In Sum

Poor IAQ is a growing problem that’s harming both building structures and occupants, particularly in commercial and multifamily settings. Better ventilation is the best way to enhance IAQ, yet fears of added costs hamper progress. ERV technology is the solution because it provides clean, healthy indoor air while reducing heating and cooling loads. Furthermore, ERV systems decrease the demand on municipal grids and diminish the need for more power plants.

As buildings become more airtight, it’s critical to install the best system for the job – and not all ERV technology is created equal. The superior choice is the static-core ERV system, which is the most reliable option for enhancing IAQ energy-efficiently and cost-effectively. Static-core ERV technology is able to remove dangerous internally generated contaminants, while at the same time reducing heating and cooling loads and yielding significant energy savings.

Nick Agopian is Vice President of Sales and Marketing at RenewAire, a pioneer in enhancing indoor air quality in commercial and residential buildings of all sizes through high-efficiency, enthalpic-core, static-plate ERV systems. For more information, visit: www.renewaire.com.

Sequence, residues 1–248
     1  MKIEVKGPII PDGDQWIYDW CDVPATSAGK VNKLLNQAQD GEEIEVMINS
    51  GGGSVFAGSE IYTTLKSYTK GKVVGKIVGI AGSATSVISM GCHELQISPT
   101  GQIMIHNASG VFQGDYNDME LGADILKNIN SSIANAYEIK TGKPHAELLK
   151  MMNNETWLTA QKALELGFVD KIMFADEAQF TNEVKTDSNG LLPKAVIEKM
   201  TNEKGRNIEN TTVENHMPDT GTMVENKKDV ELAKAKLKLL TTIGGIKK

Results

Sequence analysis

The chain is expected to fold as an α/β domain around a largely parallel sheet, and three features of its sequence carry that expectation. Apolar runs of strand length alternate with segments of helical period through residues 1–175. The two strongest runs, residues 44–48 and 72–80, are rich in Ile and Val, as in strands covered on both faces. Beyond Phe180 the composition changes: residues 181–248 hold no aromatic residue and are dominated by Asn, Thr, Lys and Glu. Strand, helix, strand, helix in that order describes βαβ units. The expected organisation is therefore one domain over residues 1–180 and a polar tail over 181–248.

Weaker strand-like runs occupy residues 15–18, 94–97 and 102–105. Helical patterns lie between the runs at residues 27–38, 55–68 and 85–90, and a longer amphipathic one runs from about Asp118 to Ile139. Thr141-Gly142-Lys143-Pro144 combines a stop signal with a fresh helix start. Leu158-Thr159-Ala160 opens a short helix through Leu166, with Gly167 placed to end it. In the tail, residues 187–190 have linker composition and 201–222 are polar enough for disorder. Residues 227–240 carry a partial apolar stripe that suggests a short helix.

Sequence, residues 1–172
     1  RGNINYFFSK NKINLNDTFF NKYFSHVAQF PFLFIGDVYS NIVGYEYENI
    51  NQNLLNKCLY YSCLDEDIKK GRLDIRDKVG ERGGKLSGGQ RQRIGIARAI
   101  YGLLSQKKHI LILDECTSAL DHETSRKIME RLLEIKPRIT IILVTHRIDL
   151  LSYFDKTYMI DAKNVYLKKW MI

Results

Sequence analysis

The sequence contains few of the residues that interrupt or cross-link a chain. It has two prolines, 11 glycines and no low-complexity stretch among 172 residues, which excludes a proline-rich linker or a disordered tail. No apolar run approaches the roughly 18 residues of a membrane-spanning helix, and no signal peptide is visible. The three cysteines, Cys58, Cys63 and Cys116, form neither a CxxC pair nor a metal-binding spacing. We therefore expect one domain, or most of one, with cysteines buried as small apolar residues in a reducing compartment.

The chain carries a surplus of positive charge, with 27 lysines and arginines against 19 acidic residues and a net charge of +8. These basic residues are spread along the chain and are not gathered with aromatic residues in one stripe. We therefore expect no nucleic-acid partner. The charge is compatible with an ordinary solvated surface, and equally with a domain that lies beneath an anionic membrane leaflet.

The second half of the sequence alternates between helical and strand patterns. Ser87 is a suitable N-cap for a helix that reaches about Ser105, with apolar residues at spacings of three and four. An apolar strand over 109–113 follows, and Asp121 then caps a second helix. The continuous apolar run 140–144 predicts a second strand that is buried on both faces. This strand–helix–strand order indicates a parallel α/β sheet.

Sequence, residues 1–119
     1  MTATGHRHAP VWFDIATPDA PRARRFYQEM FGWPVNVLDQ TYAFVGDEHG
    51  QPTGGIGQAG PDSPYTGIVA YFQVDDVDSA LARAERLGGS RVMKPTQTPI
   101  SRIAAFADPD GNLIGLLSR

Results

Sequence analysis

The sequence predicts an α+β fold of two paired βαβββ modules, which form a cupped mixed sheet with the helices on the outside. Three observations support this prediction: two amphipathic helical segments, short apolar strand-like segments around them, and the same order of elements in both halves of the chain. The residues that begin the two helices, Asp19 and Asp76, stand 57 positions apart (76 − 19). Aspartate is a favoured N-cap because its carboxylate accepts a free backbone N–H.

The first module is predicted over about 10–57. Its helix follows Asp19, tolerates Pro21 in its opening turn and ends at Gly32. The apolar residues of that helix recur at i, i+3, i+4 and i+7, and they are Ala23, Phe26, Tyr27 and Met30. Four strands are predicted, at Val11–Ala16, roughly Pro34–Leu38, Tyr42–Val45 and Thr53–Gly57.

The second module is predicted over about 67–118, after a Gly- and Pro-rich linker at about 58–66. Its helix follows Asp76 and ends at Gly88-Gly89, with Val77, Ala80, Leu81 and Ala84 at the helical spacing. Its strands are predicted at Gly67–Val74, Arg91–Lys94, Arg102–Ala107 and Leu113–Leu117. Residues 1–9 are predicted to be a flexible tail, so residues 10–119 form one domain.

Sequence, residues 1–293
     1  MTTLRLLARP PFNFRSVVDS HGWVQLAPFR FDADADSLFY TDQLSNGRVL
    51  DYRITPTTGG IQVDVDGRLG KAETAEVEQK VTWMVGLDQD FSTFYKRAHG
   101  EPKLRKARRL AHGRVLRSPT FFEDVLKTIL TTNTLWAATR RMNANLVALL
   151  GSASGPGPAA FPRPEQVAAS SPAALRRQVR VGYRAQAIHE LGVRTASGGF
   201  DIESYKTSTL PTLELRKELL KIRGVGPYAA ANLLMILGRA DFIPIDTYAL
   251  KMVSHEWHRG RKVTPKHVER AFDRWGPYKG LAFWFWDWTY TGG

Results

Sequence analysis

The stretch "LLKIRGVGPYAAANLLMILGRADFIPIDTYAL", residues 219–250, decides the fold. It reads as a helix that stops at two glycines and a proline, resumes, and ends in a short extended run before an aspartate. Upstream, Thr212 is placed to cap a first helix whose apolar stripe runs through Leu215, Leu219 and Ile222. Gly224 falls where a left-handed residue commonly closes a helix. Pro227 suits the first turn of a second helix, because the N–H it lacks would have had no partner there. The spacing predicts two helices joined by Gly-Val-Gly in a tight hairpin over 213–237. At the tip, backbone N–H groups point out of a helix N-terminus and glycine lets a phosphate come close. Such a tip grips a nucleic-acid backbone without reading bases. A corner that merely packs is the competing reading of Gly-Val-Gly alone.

U.S. Environmental Protection Agency (EPA); Questions About Your Community: Indoor Air; http://www.epa.gov/region1/communities/indoorair.html

U.S. Department of Energy; Strategy Guideline: Accurate Heating and Cooling Load Calculations; http://www.nrel.gov/docs/fy11osti/51603.pdf

FPL; Energy Recovery Ventilation; https://www.fpl.com/business/pdf/erv-primer.pdf

U.S. Small Business Administration (SBA); Energy Efficient Upgrades; https://www.sba.gov/content/hvac-systems#CoolingandHeatingLoadReduction 

The assertion of no cross-contamination is based on AHRI Standard 1060

Builder Online; Material World: The Hottest Trends from the 2015 Builder Practices Survey; http://www.builderonline.com/building/building-science/material-world-the-hottest-trends-from-the-2015-builder-practices-survey